After my last post, I pondered more about my own knowledge of Autism. And initially, I felt proud that I know a lot about Autism. But that’s incorrect. I know a lot about how Autism affects my son. I understand what Autism means to my family and me. So, I took my own recommendation and did the homework assignment to read about Autism Acceptance.

I clicked on an organization, which I am familiar with, ASAN-Autism Self Advocacy Network their mission: “ASAN believes that the goal of autism advocacy should be a world in which Autistic people enjoy the same access, rights, and opportunities as all other citizens”.

What I was struggling to say in my last post about acceptance, they define beautifully, and I probably should have looked at this prior to sending out my own definition, but alas I jumped the gun.

“Awareness is all about creating a sense of urgency and fear…. Awareness is easy. Acceptance requires actual work. Acceptance comes from a place of understanding… Understanding takes work. Acceptance seeks to meet us where we are, or at least far closer to equitably than awareness does… Awareness says the tragedy is that we exist as we are. Acceptance says that the tragedy would be trying to make us any other way.”

Read that passage again. I’ve read it four times and it gives me chills-kudos to ASAN for nailing it. Acceptance requires actual work. So, that reaffirms to me, we still have a lot to do.

As I read on, I came to a section called “Identity First Language”. For those of you who aren’t familiar with this, it is a raging (and I am not exaggerating that term) debate in the world of Autism. I don’t want to start any riots; I merely want to expose you to the term and to make you aware of the sensitivities to this topic and hopefully take your knowledge and Acceptance one step further.

So, what does Identity First Language mean? Put the person before the disability or condition, (I stole the following from thearc.com) “…and describes what a person has, not who a person is. Using a diagnosis as a defining characteristic reflects prejudice, and also robs the person of the opportunity to define him/herself.”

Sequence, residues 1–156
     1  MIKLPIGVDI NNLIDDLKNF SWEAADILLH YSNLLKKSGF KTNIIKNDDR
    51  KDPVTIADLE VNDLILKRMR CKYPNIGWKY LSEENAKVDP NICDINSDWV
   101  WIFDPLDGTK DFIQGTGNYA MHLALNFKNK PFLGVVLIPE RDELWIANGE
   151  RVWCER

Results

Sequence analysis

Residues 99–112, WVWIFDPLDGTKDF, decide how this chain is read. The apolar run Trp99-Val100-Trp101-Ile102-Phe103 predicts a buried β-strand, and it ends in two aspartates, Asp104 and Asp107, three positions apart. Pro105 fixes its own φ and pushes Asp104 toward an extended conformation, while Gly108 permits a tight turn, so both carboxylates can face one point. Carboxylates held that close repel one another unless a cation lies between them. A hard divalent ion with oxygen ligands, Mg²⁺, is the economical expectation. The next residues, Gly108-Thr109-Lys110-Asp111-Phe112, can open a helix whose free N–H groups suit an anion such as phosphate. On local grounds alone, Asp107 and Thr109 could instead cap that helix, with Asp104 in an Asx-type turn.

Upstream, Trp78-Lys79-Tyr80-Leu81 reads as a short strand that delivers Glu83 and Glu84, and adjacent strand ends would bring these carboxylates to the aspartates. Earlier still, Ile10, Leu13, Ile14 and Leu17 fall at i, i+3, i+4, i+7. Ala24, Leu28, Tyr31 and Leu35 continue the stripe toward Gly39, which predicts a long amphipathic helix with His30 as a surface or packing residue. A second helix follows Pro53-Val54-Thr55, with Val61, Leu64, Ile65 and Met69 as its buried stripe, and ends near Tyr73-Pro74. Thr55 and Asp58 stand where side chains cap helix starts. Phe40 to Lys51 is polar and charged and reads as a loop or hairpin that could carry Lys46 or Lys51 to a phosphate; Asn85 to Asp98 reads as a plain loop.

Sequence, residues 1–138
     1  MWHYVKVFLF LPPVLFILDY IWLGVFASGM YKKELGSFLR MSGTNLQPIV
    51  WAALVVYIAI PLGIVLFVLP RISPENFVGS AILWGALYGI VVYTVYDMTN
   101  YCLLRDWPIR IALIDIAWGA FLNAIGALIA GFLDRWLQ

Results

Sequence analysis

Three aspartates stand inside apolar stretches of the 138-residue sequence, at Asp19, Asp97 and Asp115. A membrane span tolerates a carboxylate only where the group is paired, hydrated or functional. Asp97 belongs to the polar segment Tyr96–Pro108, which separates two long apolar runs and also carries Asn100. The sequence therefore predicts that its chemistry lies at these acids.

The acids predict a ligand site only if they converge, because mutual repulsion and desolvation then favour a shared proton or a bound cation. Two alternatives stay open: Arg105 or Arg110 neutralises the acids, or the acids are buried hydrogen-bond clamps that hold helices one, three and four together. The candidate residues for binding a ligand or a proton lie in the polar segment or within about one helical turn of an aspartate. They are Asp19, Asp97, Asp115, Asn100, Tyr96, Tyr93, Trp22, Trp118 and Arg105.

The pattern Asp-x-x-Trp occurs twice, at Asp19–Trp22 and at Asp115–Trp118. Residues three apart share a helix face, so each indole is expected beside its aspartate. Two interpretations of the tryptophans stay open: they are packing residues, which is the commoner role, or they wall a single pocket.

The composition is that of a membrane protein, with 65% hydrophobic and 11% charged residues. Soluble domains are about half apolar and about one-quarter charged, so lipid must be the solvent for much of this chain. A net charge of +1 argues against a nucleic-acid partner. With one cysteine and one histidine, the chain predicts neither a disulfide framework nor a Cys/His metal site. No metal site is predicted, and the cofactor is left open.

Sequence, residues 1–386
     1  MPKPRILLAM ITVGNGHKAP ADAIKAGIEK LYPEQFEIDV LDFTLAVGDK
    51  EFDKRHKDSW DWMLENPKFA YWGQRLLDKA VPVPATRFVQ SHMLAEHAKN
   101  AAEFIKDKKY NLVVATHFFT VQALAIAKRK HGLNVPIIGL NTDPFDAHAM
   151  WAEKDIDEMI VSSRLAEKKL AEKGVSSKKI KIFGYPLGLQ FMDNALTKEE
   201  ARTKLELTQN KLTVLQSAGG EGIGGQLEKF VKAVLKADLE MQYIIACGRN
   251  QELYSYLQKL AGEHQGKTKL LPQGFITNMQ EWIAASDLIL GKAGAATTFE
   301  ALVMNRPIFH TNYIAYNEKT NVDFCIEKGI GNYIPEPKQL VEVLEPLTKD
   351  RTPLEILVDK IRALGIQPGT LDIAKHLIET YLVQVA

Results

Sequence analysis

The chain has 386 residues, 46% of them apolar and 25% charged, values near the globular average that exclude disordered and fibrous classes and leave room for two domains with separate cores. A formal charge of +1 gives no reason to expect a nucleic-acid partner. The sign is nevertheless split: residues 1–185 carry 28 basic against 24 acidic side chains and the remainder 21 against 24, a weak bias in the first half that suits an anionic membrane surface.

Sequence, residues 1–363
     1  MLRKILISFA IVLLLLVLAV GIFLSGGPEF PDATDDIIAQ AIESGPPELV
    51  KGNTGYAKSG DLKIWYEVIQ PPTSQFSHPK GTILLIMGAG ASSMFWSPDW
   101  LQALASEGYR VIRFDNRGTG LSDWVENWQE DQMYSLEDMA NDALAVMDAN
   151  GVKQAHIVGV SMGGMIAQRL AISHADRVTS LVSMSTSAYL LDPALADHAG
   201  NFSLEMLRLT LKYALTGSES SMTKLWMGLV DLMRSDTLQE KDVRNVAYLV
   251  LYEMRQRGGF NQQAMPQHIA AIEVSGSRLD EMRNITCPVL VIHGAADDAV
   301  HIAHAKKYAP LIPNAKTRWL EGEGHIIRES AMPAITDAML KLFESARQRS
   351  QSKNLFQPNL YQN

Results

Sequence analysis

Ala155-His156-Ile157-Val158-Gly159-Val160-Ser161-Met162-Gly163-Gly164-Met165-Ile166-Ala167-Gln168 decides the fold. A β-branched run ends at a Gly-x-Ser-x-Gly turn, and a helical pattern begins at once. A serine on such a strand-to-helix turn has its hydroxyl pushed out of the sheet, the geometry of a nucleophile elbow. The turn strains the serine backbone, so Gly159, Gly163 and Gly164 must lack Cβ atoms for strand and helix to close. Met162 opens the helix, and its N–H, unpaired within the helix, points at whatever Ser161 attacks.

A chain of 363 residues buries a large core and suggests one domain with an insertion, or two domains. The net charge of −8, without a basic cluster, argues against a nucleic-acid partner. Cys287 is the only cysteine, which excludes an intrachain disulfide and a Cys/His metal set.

Person with Autism vs. Autistic Person

On the surface, theses statements may seem the same, but the real delineator is the first one suggests a separation of the disorder from the person. But can you separate a person from the disorder? There are so many times, I wonder if I am seeing autism or my son just being a crabby teenager. Or is his autism causing typical teenage stuff to be even more heightened? I can’t completely take Autism out of the equation, but I don’t want it to define him either. Yet, how can I separate him from his own traits that likely come from the disorder? Do you see the dilemma? This is the debate in a nutshell.

So, as you can imagine, this is truly a personal preference for how to refer to someone. And that preference can range wildly even between a parent and a child. I could delve much deeper into this hot topic, but for today, I’ll leave it here. I wanted to introduce the concept to you and hope you do more reading on it. If nothing else, at least, be aware there are individuals who prefer to be addressed differently and you should ask what their preference is: person with autism or autistic person? A real expert on People First Language is Kathie Snow. You can read her one page explanation here regarding all disabilities: Kathie Small

Summing up, I haven’t approached this yet with my son, as we don’t really talk with him about being a Person who has Autism. I have asked if he knows what Autism is and he says yes, but that is usually his response to most things. When I asked specifically for him to define it – he could not. I don’t blame him; it’s a quagmire of a definition. So, for now, I don’t push him, but I do wonder what his preference will be someday: Autistic Person or Person with Autism?

To me, he’s still and always will be just Ryan.




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One Response to Homework

  1. Dr. Aimee Anderson

    These are really interesting and thoughtful posts, LeeAndra. Thank you for sharing them. As service providers for people living with ASD, we think a lot about management, inclusion, and what “success” means to individuals and their families. But I always greatly appreciate the insight we gain directly from people with autism and their friends and families on topics like identity and acceptance. These are things we would all benefit from thinking about more often.

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